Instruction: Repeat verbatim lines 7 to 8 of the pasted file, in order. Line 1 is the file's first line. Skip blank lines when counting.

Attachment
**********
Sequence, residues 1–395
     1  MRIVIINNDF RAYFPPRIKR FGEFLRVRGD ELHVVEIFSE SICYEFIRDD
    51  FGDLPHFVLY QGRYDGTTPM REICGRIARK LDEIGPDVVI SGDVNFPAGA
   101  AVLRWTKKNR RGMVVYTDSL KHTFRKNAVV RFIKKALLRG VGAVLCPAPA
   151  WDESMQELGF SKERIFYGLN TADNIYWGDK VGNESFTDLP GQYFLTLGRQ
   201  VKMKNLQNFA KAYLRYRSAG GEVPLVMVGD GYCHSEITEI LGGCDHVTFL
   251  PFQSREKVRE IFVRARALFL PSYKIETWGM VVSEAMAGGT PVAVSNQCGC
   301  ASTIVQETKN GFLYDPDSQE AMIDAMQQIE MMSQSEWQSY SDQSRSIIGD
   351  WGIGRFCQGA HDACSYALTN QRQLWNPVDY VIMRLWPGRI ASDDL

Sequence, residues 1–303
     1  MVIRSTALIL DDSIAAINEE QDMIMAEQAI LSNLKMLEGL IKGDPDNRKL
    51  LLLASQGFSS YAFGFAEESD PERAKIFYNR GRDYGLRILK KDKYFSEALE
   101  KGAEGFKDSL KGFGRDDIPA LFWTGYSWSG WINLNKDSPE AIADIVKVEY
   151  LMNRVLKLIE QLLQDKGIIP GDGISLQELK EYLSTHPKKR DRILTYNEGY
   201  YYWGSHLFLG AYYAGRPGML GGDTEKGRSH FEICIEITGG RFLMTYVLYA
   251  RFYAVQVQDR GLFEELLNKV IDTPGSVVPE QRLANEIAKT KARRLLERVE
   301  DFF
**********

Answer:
   251  PFQSREKVRE IFVRARALFL PSYKIETWGM VVSEAMAGGT PVAVSNQCGC
   301  ASTIVQETKN GFLYDPDSQE AMIDAMQQIE MMSQSEWQSY SDQSRSIIGD